Are you doing an installation and would like to learn how grounding a CB antenna works? Maybe you have already installed the CB antenna but upon testing the SWR (acronym for standing wave radio), you found it exceedingly high and now want to know how to better the grounding.
Or, you have noted that you are not receiving a good radio performance. Anyways, the first thing you need to do is assess the grounding. Let’s go over the process.
Grounding a CB Antenna: Bit by Bit Guide
Test the CB Antenna Grounding
To test your CB antenna grounding, you will need a digital multi-meter. A simple means of testing the grounding would be to assess the continuity between your car ground and your antenna mount. A well-grounded antenna mount translates to a well-grounded antenna.
Checking the continuity requires touching 2 locations with the probes of the multi-meter.
The first probe needs to touch the antenna mount. Where to place the probe?
Lay it where it’s touching the antenna mount. Let it lay flat across the mount but don’t let the probe touch the car.
The other probe ought to touch the car battery’s negative terminal. Be careful not to touch the battery’s positive terminal with the probe.
By the way, the positive terminal is marked by a ‘+’ sign while the negative one is marked by a ‘-’ sign.
In case you’re having trouble reaching the both the negative terminal and the antenna mount using the probes, seek out an ideal spot on the car and utilize it as the contact point of the 2nd probe.
Decoding the Continuity Results
If you can see the multi-meter’s needle moving completely to the right side once the probes come into contact with the terminals, that means the CB antenna mount’s grounding is good.
On the flip side, if there’s little to no needle motion, then you will know the antenna’s grounding needs to be worked on.
Fine grounding involves the establishment of a ground plane for the CB antenna.
But, before taking the results at face value, perhaps you should first test if the multi-meter is functioning correctly. To do that, touch the 2 probes together. A needle movement to the right indicates a good, working device while limited or no movement shows the multi-meter is broken.
What is a Ground Plane?
Also referred to as a counter poise, a ground plane denotes the CB antenna installation’s reflective unit; the antenna itself is the reactive part.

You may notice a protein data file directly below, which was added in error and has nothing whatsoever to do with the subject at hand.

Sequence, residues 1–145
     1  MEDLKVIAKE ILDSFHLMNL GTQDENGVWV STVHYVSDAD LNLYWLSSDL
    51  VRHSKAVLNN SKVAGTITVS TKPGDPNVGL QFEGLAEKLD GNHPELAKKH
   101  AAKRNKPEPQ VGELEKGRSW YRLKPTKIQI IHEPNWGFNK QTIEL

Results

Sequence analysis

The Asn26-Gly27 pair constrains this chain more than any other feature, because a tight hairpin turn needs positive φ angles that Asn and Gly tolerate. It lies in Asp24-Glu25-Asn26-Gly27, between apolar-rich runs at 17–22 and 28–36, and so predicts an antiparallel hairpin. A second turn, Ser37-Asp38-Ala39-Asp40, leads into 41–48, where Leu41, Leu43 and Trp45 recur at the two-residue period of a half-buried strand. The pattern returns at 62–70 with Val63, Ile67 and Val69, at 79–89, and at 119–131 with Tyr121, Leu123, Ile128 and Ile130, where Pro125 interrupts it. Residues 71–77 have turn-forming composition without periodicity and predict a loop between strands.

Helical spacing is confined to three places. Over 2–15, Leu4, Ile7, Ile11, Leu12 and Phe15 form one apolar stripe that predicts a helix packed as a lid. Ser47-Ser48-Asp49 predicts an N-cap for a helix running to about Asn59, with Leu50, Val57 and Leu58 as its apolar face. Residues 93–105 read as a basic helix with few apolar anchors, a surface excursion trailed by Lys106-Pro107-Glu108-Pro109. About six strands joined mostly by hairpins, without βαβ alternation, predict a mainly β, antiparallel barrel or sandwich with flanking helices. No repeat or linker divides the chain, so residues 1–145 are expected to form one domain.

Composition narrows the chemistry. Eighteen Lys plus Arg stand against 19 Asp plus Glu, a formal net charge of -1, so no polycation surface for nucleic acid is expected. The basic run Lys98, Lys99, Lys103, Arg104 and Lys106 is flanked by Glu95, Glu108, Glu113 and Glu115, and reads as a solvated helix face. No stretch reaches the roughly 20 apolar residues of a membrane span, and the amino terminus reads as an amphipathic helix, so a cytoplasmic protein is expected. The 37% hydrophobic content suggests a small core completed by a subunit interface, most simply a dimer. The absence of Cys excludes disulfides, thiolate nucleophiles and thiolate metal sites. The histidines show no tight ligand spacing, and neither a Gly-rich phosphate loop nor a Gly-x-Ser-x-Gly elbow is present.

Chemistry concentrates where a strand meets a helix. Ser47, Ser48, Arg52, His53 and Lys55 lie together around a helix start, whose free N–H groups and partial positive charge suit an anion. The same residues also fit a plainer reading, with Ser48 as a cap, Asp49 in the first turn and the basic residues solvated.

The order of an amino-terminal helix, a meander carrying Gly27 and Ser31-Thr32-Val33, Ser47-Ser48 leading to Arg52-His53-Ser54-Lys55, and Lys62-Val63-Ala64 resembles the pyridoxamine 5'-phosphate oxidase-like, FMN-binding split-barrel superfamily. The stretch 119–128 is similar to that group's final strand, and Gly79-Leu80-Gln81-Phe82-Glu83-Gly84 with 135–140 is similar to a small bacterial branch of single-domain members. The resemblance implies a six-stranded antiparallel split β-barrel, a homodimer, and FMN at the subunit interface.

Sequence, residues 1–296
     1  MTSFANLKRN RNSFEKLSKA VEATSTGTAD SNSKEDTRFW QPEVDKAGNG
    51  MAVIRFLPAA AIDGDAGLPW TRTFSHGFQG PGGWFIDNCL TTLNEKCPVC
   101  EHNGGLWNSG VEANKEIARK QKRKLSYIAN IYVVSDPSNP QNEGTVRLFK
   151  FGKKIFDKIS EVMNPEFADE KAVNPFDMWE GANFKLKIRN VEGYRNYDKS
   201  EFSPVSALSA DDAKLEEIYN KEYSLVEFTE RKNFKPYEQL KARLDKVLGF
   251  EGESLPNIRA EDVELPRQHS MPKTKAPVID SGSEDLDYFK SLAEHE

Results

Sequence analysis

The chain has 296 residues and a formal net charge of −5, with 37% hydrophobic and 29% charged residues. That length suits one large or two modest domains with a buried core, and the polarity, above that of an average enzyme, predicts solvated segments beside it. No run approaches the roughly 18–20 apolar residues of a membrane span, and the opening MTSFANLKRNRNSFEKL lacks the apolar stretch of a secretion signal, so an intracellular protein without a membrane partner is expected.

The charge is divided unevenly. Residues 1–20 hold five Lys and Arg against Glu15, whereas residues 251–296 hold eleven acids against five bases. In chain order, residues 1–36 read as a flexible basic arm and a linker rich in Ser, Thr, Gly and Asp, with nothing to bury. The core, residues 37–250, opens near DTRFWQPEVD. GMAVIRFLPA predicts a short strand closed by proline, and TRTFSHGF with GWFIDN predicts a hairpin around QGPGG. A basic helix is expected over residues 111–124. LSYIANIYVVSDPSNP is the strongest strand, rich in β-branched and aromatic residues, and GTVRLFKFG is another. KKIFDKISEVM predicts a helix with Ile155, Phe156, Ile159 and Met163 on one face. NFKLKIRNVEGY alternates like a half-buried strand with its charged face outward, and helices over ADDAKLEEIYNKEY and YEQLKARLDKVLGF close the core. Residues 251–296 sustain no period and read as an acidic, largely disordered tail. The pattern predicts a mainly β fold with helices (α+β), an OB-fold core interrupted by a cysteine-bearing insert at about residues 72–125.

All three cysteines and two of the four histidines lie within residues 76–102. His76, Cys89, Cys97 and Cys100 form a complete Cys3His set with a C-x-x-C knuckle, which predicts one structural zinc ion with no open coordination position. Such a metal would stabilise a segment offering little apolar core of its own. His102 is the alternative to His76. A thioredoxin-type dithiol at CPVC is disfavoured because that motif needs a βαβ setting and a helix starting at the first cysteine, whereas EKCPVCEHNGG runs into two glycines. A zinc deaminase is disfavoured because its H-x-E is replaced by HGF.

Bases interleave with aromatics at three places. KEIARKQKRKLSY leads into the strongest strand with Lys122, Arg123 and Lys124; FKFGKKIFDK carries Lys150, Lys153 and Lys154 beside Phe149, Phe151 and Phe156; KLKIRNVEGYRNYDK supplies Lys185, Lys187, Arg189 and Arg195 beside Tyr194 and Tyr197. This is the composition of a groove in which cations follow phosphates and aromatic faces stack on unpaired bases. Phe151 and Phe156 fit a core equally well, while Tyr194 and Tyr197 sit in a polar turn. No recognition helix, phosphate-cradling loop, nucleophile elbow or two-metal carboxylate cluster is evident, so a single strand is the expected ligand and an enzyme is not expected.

In a majority of antenna installations, the vehicle’s metal part, like the body or the chassis, functions as the ground plane.
Some systems don’t need a ground plane. Instead, they utilize the coaxial cable’s shield. Understand that the ground plane’s hardware and a no-ground plane system aren’t substitutable.
In case your antenna mount’s design accepts a coaxial plug, like the two-ended PL259, then your work is pretty easy. The only thing you need to do is ensure that the antenna mount is connected securely to the frame of your vehicle.
Perhaps your antenna’s mount rejects a coaxial plug. In that case, you will have to make a ground some other way.
You will find some people using a 10-gauge wire for grounding but braided ground strapping is much better, mainly due to its reactance.
The thing with reactance is that it can transform the wire to an antenna instead of a RF (acronym for radio frequency) ground. That’s contradictory with what you are looking to achieve.
Bonding is just another word for strapping. Its objective is to involve as much of the vehicle’s metal for grounding.
For those with unibody vehicles, things are much easier especially with regards to outgoing and incoming RF interference. That is due to the fact that everything is welded together. Nevertheless, some of these vehicles have sound barriers for the exhaust and engine system. These need bonding for the provision of optimal continuity for the RF signals.
Vehicles that have a body and frame, such as pickup trucks, need bonding regardless of where you’re mounting the antenna.
If yours is a truck, be sure to bond the bed’s 4 corners to the cab and the chassis to avoid a ground loop, which is often mistaken for a RFI at times.
While making up your mind regarding the manner in which you’re going to ground the antenna, keep in mind that using as much of your vehicle’s metal increases the antenna’s efficiency.
To bring the metal together, bonding all the metal parts using several ground straps in dissimilar spots might be necessary. Moreover, this will insure your work against the negative power lead’s accidental floating. On the same note, you want to avoid running a strap from the mount all the way to the battery.
One means of grounding is via the trunk lid.
A screw beneath the trunk’s lip would be a perfect location for grounding the system. However, as the trunk lid’s hinges possibly won’t get a proper ground, adding another ground strap might be necessary. To pull that off, take a short flat braid and attach one of its sides to the trunk lid and the other to the frame.
Ensure you have left adequate length to allow the lid to open but do not leave too much length that the strap becomes too baggy.
Another means of grounding, similar to the one we’ve just discussed, is through a close door. In case you go for the door, run a ground from the door pillar to the door to create a door hinge bypass.
Remember, the most vital part of creating a good ground is attaching the ground to the metal parts instead of plastics or other objects. Also, placing the coaxial cable’s hot side to the antenna is very important.
The side coming from the coaxial cable’s shield is the ground. Here are a few extra suggestions for means of grounding your antenna:
After you establish a proper ground, you shouldn’t have any more trouble with your CB antenna.
Feel free to share the results with us through the comments.
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